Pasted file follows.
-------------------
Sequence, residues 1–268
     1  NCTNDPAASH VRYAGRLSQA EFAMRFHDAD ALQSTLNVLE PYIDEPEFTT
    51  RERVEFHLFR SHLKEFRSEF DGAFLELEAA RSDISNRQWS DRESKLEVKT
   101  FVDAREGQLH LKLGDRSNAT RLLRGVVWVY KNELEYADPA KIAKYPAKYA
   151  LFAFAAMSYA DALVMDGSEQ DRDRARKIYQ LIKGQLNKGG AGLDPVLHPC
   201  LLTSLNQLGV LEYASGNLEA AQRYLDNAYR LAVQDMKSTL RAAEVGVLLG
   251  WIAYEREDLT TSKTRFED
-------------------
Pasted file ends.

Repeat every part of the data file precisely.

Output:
Sequence, residues 1–268
     1  NCTNDPAASH VRYAGRLSQA EFAMRFHDAD ALQSTLNVLE PYIDEPEFTT
    51  RERVEFHLFR SHLKEFRSEF DGAFLELEAA RSDISNRQWS DRESKLEVKT
   101  FVDAREGQLH LKLGDRSNAT RLLRGVVWVY KNELEYADPA KIAKYPAKYA
   151  LFAFAAMSYA DALVMDGSEQ DRDRARKIYQ LIKGQLNKGG AGLDPVLHPC
   201  LLTSLNQLGV LEYASGNLEA AQRYLDNAYR LAVQDMKSTL RAAEVGVLLG
   251  WIAYEREDLT TSKTRFED